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Denver's "On the Road" Icon Celebrated at The Merc

On Sat. Jan. 30, the seventh annual Neal Cassady Birthday Bash is at the Mercury Cafe.

Cassady took center stage as a Beat Generation character in Jack Kerouac's novel, "On the Road."

In 2011 and 2013, the City and County of Denver officially declared the date of the event "Neal Cassady Day".

The event celebrates Cassady's legacy through poetry, prose,  personal recollections and music.

On Sat. Jan. 30, the seventh annual Neal Cassady Birthday Bash takes place at the Mercury Cafe, celebrating the legacy of the Beat Generation icon through poetry, prose, personal recollections and music.
In 2011 and 2013, the City and County of Denver officially declared the date of the event "Neal Cassady Day" -- even though the poster for 2013's Birthday Bash features what appears to be a Denver police mug shot of a smirking, teenage Cassady.

Neal Cassady: A juvenile delinquent Denver car thief and smooth-tongued, lifelong Lothario. A quick-talking Western figure who inspired some of the most inspirational literature of the mid-20th century, taking center stage as a Beat Generation character within Jack Kerouac's novel, On the Road, and as the "secret hero" of Allen Ginsberg's poem, Howl. A California railroad brakeman, who never missed a day of work while supporting his wife and children, before a disastrous marijuana bust sent him to prison in San Quentin for just over two years. A somewhat abrasive, as well as charismatic, cohort of Ken Kesey and his Merry Pranksters, famously driving the Pranksters' bus Further across the USA -- a tale told within Tom Wolfe's The Electric Kool-Aid Acid Test, as well as the documentary film, Magic Trip. Dead in Mexico on February 4, 1968 (if he had live four more days, he would have turned 42). Author of The First Third, a posthumous collection of his writings, first published in 1971.Cassady took center stage as a Beat Generation character in Jack Kerouac's novel, "On the Road."

"Neal's the most influential pop culture figure to ever come out of Colorado," says event organizer Mark Bliesener, citing Cassady's impact on Beat literature, the jazz-inflected writing which would influence the course, as well as scope, of rock music (e.g. influencing Bob Dylan and the Grateful Dead). Still Bliesener acknowledges, "A lot of people in Denver are unaware of him."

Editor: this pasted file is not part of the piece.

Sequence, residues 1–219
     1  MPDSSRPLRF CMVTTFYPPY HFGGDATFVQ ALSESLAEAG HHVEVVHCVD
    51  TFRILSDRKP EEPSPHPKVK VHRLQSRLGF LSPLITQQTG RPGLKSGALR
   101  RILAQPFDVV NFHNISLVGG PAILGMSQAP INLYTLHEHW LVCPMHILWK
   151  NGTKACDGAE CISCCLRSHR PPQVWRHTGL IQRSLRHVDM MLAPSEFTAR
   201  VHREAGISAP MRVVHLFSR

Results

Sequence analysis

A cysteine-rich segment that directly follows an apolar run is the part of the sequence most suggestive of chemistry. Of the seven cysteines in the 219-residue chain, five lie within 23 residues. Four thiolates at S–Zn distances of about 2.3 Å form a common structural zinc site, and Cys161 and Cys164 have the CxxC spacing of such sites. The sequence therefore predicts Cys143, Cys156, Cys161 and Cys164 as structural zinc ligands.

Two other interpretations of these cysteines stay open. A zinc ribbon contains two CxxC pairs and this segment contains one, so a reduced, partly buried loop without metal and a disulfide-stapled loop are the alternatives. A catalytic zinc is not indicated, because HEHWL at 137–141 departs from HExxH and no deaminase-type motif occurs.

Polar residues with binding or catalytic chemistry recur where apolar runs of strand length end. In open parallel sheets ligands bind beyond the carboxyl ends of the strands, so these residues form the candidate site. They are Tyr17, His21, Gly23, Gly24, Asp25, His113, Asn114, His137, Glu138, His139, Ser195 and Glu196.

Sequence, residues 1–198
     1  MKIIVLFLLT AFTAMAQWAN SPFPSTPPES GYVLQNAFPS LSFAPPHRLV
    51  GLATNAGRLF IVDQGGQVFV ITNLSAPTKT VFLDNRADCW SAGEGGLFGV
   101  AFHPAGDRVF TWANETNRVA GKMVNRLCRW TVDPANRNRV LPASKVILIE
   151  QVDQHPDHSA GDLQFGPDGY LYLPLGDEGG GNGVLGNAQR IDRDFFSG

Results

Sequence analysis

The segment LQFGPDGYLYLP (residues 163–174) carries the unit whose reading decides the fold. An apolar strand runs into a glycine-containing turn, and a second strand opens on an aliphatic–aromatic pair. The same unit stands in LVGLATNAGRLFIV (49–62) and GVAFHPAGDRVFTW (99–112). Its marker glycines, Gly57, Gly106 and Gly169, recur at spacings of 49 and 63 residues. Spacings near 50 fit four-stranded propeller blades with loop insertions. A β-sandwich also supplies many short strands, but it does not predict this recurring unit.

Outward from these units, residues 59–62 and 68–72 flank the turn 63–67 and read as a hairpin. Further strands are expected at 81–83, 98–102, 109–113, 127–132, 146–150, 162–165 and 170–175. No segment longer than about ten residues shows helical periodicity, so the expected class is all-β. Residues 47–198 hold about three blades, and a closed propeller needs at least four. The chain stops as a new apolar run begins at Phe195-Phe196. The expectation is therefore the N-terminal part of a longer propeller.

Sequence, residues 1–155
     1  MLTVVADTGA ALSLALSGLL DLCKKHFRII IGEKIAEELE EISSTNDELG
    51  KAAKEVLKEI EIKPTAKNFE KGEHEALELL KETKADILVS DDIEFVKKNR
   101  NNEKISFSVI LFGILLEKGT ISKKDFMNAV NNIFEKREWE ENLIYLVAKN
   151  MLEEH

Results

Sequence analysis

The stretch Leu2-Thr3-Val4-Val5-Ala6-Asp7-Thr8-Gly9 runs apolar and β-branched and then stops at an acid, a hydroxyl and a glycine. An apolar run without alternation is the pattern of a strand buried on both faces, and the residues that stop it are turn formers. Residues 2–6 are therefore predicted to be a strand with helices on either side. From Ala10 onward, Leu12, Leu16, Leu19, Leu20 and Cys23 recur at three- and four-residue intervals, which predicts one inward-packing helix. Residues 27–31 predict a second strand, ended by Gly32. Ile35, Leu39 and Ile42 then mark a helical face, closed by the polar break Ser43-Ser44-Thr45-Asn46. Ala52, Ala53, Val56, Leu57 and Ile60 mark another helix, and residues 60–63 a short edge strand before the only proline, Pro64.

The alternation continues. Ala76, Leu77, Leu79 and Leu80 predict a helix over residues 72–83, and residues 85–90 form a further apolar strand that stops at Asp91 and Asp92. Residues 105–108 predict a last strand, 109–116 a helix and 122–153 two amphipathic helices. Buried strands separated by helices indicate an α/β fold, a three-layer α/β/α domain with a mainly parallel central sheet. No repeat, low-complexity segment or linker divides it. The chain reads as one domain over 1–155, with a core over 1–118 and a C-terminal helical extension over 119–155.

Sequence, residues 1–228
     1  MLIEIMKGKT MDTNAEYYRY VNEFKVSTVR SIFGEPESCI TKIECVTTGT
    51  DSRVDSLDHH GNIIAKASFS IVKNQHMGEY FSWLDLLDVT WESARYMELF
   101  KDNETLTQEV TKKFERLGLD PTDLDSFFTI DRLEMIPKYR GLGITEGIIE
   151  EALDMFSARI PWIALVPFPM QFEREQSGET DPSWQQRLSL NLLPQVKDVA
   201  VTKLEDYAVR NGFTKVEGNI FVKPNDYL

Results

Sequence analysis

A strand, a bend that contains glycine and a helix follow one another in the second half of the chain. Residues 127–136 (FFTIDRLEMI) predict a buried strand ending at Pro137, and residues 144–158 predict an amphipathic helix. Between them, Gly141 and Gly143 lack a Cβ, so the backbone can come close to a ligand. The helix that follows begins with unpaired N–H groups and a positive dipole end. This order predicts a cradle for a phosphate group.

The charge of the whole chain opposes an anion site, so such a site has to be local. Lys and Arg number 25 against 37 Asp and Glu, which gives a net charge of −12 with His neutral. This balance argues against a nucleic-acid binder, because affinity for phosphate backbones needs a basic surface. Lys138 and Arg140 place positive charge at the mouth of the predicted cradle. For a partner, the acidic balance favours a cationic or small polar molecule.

The 2015 documentary Neal Cassady: The Denver Yearfocuses on how Cassady spent part of his childhood living in flophouses with his father, a Larimer Street barber and skid-row alcoholic. And how, as a young adult, Cassady drew his New York literary friends Kerouac and Ginsberg to our city. (Years later, Ginsberg would co-found Boulder's Naropa University.) The documentary seems especially sensitive to his family's perceptions of him, yet it's an admirable, at times unflinching, telling of Cassady's difficult childhood and how his artistic spirit continues to inspire people at all elevations. A recommended film.

This year's Birthday Bash will once again feature music from jazz and symphonic composer David Amram, who remembers Cassady not as the manic "Dean Moriarty" of On the Road but as "someone who loved writing, loved life, loved people. He said it was hard for him to deal with people having a picture of him that had nothing to do with what he was about."

Cassady's daughter Jami will balance her father's wayward reputation with her own fond, familial remembrances. Bob Hyatt, a Denver man who discovered at age 66 that his biological father was Cassady, will demonstrate how the Cassady genes have surprisingly manifested themselves within his own life. (An evocative profile of Hyatt, as well as scads of local Beat Generation lore, is contained within the book The Denver Beat Scene by Zack Kopp.)The event celebrates Cassady's legacy through poetry, prose, personal recollections and music.

Grateful Dead fans: You won't hear much about Cassady's experiences with the Merry Pranksters at a Birthday Bash. (The band, then The Warlocks, played LSD-saturated, mid-'60s "Acid Tests" attended by Cassady.) One comes away with the distinct impression Cassady's children, who feature prominently at the Birthday Bash events, still have uncomfortable, if not outright hostile, feelings about that psychedelic aspect of their father's life.

Still, the late novelist Ken Kesey, author of One Flew Over the Cuckoo's Nest, said about Cassady in Boulder in 1994, "He was the greatest man I ever expect to know." Fellow Merry Prankster Ken Babbs has observed, "He had a great moral compass in terms of trying to do the right thing even though he was constantly screwing up."

There seems to be a tug of war over Cassady's legacy between those closest to him and the world at large: Was he a pot-smoking, acid-head, speedfreak sex fiend or a family man devoted to his wife and children?

Of course, there's no reason the answer can't be both.

And that's no reason for Denver not to officially celebrate its historical icon.

Read more articles by Gregory Daurer.

Gregory Daurer is a Denver-based freelance writer and singer-songwriter, whose credits include 5280, WestwordSalon, Draft and High Times. He's also authored the novel A Western Capitol Hill.
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